San Joaquin County almond growers started shaking trees as their Nonpareil crop reached 100 percent hull split.
“On a per-acre basis, yields look to be about average or maybe a little lighter than usual,” reports Paul Verdegaal, University of California Cooperative Extension farm advisor for the county.
Growers have had few, if any, problems controlling diseases. With no pressure from leaf-footed plant bugs and only scattered problems with navel orangeworm and some mid-season outbreaks of spider mites, insects haven’t been much of a concern this season, either, Verdegaal notes. The number of growing degree days has been typical. However, he suspects a very dry winter may have held down production.
Many growers irrigated their fields in mid-winter and made up for the lack of winter rain. “As growers turn off their water to prepare for harvest, the fields may dry out pretty quickly,” he notes. “Some orchards are showing some stress.”
Several rains during bloom may also have hurt production by disrupting pollination and setting the stage for some diseases.
This year, California’s almond growers are expected to harvest a record 2.1 billion meat pounds — 3 percent more than last year. However, the size of the Nonpareil crop, which represents 35 percent of the state’s almond production, is predicted to be 7 percent smaller than in 2011.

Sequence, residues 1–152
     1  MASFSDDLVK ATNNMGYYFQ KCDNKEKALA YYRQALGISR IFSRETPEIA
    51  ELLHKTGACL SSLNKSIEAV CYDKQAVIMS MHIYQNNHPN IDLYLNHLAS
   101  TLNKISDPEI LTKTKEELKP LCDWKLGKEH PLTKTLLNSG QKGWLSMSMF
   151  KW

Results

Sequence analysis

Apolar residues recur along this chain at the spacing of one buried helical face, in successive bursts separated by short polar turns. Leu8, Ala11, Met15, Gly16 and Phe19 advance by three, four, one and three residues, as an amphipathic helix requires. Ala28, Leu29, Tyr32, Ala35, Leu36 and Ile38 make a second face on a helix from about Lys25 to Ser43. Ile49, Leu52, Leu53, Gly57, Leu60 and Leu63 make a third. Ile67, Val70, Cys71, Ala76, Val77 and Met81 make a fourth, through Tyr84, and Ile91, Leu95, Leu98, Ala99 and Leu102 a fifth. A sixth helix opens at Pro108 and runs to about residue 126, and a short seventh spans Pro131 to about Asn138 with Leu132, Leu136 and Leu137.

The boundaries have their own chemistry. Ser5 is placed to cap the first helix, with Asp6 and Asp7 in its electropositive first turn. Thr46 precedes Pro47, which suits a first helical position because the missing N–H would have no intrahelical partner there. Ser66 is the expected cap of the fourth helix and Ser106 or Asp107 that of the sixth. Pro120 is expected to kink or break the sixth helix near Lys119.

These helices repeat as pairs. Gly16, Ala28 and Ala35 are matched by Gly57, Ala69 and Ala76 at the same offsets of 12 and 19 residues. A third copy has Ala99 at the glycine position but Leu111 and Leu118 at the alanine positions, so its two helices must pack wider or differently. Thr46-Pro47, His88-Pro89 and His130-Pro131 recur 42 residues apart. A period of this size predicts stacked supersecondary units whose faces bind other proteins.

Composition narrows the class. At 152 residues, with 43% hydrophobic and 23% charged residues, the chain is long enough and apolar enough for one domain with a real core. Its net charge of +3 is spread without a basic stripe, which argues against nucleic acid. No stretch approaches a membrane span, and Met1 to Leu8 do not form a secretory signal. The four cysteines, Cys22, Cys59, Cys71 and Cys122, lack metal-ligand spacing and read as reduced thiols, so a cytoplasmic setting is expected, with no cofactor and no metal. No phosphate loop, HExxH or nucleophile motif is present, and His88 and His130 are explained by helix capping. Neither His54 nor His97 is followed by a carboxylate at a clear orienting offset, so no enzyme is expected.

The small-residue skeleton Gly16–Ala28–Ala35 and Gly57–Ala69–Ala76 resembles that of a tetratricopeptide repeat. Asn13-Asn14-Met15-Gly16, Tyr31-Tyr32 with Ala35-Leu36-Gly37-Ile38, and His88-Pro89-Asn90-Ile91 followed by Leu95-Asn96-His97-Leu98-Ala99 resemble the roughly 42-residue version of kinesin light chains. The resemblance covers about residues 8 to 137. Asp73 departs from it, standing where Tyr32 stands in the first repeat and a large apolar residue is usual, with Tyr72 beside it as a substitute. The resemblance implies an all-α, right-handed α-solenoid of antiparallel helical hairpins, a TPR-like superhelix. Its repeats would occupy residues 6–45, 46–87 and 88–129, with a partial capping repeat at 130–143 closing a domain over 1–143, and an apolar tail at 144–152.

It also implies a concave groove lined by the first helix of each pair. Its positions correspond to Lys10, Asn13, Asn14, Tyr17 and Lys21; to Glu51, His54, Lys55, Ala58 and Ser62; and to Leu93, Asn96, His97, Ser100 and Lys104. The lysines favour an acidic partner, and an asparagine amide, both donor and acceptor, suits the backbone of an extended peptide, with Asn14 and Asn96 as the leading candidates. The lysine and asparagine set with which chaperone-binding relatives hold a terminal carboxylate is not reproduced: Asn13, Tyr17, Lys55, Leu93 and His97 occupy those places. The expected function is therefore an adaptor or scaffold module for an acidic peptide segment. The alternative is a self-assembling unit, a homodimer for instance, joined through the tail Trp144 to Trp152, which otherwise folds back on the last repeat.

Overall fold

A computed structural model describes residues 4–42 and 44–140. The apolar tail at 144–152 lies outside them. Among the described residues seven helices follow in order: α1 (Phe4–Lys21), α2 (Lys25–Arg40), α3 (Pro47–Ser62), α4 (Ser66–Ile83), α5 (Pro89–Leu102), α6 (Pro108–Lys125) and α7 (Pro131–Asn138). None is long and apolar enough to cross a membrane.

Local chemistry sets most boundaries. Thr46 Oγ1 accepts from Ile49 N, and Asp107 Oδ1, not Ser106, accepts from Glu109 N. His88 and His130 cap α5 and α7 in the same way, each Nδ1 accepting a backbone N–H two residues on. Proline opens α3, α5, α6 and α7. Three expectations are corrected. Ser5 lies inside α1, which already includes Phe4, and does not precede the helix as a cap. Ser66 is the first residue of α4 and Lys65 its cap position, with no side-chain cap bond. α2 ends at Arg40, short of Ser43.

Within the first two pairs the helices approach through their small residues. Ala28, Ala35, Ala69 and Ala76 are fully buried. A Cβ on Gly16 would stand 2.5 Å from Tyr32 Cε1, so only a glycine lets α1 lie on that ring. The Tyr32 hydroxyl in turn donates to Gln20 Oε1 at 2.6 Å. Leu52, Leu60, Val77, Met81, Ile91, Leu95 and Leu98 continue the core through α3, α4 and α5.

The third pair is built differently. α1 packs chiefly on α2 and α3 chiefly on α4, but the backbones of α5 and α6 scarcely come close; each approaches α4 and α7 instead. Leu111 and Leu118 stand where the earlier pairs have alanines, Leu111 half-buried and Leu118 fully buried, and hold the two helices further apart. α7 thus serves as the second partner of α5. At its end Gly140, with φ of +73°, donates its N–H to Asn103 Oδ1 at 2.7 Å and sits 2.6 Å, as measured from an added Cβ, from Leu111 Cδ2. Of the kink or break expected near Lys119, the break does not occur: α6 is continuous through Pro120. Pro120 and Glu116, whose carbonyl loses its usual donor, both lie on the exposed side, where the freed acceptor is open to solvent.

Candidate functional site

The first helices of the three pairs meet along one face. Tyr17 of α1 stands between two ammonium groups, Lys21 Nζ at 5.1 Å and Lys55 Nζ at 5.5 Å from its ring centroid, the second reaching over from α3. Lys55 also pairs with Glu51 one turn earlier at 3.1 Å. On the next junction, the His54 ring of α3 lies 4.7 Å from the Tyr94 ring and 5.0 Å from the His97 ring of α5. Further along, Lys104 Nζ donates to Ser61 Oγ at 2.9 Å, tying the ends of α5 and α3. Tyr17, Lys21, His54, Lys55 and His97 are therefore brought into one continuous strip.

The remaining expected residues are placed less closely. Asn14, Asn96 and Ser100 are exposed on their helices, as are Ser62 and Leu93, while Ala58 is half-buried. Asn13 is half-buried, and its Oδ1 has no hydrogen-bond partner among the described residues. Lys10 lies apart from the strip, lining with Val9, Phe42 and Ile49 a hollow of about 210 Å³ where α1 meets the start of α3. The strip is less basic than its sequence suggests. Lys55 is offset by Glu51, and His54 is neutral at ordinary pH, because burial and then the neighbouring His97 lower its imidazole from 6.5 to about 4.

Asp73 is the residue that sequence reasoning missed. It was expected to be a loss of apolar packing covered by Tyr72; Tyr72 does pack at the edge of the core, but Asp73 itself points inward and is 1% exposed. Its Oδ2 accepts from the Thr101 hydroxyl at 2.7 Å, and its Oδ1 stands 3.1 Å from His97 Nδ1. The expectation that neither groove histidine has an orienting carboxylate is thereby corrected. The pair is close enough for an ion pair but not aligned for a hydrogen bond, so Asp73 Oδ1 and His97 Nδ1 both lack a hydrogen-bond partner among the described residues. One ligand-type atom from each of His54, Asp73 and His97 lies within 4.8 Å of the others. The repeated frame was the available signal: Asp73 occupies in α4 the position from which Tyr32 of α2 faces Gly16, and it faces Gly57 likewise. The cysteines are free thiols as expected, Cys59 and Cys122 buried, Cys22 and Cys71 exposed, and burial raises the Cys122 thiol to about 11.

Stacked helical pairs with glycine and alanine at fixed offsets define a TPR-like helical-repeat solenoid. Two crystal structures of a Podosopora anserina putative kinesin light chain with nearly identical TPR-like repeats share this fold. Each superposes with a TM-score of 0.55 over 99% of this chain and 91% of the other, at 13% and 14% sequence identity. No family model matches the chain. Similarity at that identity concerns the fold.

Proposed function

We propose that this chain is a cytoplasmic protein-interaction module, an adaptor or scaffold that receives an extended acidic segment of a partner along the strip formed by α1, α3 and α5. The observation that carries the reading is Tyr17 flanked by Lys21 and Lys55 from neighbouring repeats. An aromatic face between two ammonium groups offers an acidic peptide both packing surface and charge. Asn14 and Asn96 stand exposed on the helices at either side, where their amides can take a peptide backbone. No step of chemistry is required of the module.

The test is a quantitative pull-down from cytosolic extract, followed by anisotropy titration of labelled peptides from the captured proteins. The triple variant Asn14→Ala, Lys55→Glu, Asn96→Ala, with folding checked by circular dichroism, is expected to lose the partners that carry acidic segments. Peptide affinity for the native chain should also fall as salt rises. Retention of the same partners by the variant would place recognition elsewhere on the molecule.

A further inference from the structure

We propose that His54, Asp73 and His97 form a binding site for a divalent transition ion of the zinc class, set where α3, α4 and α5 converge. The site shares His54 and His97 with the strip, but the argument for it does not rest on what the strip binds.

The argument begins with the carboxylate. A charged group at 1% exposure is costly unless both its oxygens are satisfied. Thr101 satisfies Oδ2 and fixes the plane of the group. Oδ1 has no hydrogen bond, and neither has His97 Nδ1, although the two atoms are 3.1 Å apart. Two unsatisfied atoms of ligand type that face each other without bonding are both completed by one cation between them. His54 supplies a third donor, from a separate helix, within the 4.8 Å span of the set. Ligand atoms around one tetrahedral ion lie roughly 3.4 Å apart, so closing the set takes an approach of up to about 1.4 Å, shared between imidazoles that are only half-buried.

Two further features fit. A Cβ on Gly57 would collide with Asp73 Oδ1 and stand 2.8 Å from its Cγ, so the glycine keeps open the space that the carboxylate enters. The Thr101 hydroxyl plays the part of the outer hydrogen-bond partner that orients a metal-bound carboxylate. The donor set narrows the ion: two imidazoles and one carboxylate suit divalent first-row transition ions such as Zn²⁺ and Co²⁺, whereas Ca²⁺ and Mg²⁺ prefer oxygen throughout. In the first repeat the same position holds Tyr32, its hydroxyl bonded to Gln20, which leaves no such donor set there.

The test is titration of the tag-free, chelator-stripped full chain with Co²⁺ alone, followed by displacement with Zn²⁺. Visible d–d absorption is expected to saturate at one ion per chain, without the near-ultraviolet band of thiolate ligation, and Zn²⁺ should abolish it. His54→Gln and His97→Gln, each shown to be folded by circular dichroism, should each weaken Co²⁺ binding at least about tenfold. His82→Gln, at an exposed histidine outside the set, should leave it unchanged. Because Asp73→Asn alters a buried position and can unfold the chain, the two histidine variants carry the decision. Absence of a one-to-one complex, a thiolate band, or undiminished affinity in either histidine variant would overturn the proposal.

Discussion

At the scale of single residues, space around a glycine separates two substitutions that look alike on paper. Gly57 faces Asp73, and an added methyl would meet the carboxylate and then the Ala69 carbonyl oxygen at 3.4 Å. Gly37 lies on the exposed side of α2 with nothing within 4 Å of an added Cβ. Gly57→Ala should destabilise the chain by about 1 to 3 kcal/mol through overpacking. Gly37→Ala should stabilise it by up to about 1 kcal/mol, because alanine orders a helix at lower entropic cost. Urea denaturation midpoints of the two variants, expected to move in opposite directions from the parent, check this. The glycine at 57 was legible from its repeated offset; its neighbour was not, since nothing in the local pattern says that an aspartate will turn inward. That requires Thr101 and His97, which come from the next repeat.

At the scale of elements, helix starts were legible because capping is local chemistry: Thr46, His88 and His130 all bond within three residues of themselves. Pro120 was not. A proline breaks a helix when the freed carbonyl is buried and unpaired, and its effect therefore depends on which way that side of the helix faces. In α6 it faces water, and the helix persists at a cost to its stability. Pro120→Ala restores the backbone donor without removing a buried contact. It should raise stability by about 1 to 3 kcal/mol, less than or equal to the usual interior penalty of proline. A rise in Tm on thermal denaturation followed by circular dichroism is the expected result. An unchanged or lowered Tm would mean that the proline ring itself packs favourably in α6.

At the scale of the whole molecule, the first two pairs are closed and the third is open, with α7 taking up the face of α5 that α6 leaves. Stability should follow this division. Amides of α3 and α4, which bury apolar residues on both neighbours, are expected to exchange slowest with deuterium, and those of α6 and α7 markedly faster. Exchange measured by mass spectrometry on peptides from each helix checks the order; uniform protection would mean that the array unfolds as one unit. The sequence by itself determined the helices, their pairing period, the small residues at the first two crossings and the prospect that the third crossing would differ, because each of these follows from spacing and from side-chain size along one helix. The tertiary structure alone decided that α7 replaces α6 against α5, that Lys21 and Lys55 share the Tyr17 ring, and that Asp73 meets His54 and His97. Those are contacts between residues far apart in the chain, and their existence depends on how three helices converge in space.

(For more, see: California almond industry poised to topple records)
San Joaquin County yields tend to be less than those in the southern San Joaquin Valley and to the north in the Sacramento Valley. Production in those areas can range from 3,000 to 4,000 meat pounds per acre. “The almond crop here is influenced by the cooler air from the Delta,” Verdegaal says. “Good growers in this county can usually reach their goals of producing 2,500 to 3,000 meat pounds of almonds per acre. However, overall, county yields average between about 2,000 to 2,500 pounds.”
While they may not harvest as much tonnage from their orchards as growers in other areas of the state, San Joaquin County producers are known for the quality of their almonds. “We tend to have a much lower rate of reject nuts from insect damage compared to other counties,” Verdegaal says. “So, the quality of nuts grown here is always pretty good.”
The mid-August heat wave is accelerating maturity of the nuts. If warm, dry weather holds through harvest, growers could finish the season by mid-October with the hard shell varieties, including Butte and Padre, Verdegaal notes.
“Here in the northern San Joaquin Valley we have a big concentration of Fritz, “Verdegaal says. “It fits in really nicely as a pollinator for Nonpareil in our county as well as in Stanislaus and Merced counties. It’s a combination that’s hard to beat for productivity.”
Like the rest of California’s almond industry, San Joaquin County growers are also expecting to receive some pretty good prices for their crop.